Classic Movie Review: 'The Pick-Up Artist'
Robert Downey Jr. and Molly Ringwald star together in this 30 year old romantic comedy.
The Pick Up Artist is a bizarrely bad movie of the kind only James Toback seems capable of. This mess of a romantic comedy and a gangster movie attempts to be both conventional and unconventional. Toback’s thing has always been arthouse style talky existentialism with a healthy dose of New York. Watching him try to cram that unusual sensibility into a mainstream movie would be unwatchable were it not for Robert Downey Jr. and Molly Ringwald who, at the very least, remain likable even as they struggle against a director lost in his attempt to serve the commercial and the arty.
Jack Jericho is a pick up artist. He practices his terrible pick up lines in his bathroom mirror before he leaves to run the streets like a dog chasing every squirrel in his field of vision. That Jack plies his trade in the morning before he goes to work as a grade school gym teacher, odd, inexplicable choice of profession aside, makes his aims seem strange from the very beginning. Is Jack looking for dates or sex or both? Writer-Director Toback doesn’t seem to know or very much care.
The comedy for Toback is in Jack’s failing, silly attempts at meeting women. He seems fascinated by Downey chatting up chicks and dedicates much of the first portion of the movie to just listening to Jack try and stay in front of the various women he accosts on the street. In fact, the movie pretty much derails from the very beginning because Toback is more interested in the pick up lines and Downey’s charm than he is in setting up the ludicrous gangster story that is shoehorned into this 82 minute movie.
Ringwald is barely on screen until there is less than an hour left in the movie’s run time. She’s also flat and uninteresting as written by Toback as a dream girl with daddy issues. Ringwald struggles against the binds of the character but as written she is at best the example of why the film fails so spectacularly in tying Toback’s oddball qualities with the attempts at conventional romantic comedy. It doesn’t help that Toback has cribbed much of her character from Pretty in Pink for this role right down to the alcoholic, character actor dad, Dennis Hopper in for Harry Dean Stanton in this lineup, and even her name, Brandie, just two letters off from Pink’s Andie.
Toback seems to want to recall that much better film and then give us Ringwald having sex with Downey after just meeting him as a middle finger to the Middle American values that Ringwald had come to exemplify as John Hughes’ muse. It's a bad decision not because those values don't deserve mocking on occasion but because The Pick Up Artist isn't nearly as good as Pretty in Pink and the last thing a bad movie needs is the overwhelming memory of a far better movie.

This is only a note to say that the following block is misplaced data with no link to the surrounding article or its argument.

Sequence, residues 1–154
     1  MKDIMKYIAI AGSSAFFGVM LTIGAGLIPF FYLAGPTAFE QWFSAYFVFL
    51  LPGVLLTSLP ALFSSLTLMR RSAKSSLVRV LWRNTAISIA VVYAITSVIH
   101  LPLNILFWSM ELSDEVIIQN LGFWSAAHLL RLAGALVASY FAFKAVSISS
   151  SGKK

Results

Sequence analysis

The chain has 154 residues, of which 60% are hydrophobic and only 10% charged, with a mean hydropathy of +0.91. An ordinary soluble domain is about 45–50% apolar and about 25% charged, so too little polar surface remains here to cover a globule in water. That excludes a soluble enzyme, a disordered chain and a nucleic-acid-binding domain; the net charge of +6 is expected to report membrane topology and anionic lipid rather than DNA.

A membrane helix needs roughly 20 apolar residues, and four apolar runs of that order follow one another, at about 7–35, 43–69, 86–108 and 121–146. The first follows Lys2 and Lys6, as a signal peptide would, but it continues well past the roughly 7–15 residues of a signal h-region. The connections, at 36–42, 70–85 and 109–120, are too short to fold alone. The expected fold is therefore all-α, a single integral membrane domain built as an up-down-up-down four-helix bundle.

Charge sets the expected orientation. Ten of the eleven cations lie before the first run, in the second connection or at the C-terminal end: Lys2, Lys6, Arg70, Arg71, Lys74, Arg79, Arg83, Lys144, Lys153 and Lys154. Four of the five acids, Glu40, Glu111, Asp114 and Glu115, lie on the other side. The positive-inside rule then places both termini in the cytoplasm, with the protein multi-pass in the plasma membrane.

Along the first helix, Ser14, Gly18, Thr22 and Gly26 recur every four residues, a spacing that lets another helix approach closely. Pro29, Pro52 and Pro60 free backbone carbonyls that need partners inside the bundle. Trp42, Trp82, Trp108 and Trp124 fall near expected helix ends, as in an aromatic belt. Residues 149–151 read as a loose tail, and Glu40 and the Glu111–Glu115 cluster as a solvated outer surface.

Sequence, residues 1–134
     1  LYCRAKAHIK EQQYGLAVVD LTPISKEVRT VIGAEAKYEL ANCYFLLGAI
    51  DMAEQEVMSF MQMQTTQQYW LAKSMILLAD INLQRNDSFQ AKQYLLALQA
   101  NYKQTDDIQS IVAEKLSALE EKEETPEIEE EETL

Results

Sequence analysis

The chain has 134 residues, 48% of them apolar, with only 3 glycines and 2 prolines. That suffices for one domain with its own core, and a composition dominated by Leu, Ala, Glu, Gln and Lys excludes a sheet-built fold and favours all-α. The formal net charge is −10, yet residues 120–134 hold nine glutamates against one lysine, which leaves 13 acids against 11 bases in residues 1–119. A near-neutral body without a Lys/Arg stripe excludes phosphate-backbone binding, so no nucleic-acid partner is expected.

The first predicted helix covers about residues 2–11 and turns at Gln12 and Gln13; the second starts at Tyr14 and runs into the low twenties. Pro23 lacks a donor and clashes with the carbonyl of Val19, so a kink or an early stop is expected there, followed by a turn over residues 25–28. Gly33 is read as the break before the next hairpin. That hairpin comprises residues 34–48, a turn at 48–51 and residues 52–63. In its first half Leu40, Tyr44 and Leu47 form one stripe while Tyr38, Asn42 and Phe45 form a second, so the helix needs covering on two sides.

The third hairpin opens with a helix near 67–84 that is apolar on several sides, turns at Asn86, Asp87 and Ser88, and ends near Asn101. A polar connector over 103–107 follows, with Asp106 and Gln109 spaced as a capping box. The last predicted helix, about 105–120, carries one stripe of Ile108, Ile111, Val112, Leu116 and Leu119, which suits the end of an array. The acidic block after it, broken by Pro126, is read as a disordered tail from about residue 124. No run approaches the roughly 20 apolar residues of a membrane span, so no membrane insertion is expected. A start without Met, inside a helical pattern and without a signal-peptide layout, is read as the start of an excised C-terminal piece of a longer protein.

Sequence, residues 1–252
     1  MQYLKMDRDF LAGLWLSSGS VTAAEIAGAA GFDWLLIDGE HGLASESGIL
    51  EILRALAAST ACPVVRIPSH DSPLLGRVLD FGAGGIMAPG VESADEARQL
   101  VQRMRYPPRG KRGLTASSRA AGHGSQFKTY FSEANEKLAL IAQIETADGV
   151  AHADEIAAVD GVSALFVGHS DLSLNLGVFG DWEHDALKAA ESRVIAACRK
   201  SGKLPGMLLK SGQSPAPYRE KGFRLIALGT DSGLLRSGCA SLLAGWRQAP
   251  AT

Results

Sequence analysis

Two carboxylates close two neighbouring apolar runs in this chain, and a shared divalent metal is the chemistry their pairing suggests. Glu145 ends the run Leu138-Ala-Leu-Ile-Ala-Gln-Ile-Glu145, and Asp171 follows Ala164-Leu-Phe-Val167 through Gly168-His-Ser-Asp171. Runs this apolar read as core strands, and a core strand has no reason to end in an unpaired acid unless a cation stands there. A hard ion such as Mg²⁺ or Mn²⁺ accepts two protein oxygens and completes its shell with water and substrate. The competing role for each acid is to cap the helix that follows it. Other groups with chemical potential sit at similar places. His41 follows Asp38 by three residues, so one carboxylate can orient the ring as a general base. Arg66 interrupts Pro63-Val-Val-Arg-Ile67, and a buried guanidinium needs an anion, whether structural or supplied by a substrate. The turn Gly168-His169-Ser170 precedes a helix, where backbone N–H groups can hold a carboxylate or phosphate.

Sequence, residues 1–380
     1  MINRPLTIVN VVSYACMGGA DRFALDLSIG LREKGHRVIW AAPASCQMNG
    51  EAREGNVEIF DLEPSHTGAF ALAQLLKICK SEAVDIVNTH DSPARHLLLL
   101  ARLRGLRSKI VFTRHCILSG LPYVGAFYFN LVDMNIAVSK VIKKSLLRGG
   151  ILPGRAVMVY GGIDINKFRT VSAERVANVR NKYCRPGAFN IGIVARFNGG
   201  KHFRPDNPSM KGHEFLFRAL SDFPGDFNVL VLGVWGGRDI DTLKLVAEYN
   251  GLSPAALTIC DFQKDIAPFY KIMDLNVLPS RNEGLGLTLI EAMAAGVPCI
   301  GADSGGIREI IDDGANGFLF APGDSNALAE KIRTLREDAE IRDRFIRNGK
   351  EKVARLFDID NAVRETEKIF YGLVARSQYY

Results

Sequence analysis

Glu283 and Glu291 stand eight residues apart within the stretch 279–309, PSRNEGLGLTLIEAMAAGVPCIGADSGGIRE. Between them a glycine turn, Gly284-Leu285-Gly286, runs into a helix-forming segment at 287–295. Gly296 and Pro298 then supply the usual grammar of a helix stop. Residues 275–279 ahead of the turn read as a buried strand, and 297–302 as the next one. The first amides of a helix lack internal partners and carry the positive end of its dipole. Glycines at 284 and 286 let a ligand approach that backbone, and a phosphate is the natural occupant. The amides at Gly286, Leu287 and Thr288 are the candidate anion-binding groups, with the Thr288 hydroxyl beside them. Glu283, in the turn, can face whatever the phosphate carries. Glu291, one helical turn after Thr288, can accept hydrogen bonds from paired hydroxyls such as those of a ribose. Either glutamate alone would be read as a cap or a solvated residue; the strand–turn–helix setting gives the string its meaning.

The Pick Up Artist is a really tough sit, even at a measly 81 minute run time. The failed attempt by Toback to mainstream his style for a hit romantic comedy is a shambling mess of bad ideas going nowhere. Harvey Keitel, Dennis Hopper, and Danny Aiello may try to give the film a shine but they are no match for Toback’s failed attempt at making his unconventional style match with the kind of movie that people actually buy tickets to see.
Toback is not a bad satirist. He may be something of a chauvinist, a rather obvious sexist but he does push some boundaries. His next time behind the camera with Robert Downey Jr. was 1997’s Two Girls and a Guy which I very much enjoyed. That film was the full Toback with no attempts at mainstreaming his style or taming his wild dialogue. In that film the point wasn’t a plot but a heady, flirty at times dangerous conversation.
As opposed to The Pick Up Artist which is the act of a bored filmmaker trying to adhere to the conventions of Hollywood and make a hit by copying and pasting elements of what he feels are lesser films while he indulges the little bits he actually enjoys, like the dumb pick up lines he seems to like more than any other aspect of this film. The rest of the film is a meaningless mash up of gangster cliches and exhausting romantic cliffhangers.
The Pick Up Artist is bad but it remains memorable because Robert Downey Jr. is now a major movie star and this is one of those embryonic performances where you can see that clear distillation of movie star charisma that is just waiting to burst out. Of course, before that happens he will have to crash and burn and fail and struggle and do interesting work while nearly killing himself before that assured stardom finally hits nearly 20 years later with the inception of the Marvel Universe.
It’s fascinating to watch Downey Jr. grow over time. The Pick Up Artist may not be the best example of that growth, as it is a quite terrible film but he’s not terrible in the movie that is quite a trick. Ringwald, who was a bigger star than Downey Jr. at the time of The Pick Up Artist doesn’t recover as well and 30 years later is barely seen on the big screen, especially compared to the ubiquity of her former co-star. For her, The Pick Up Artist engenders the first misstep of what will be several before her star fades almost completely.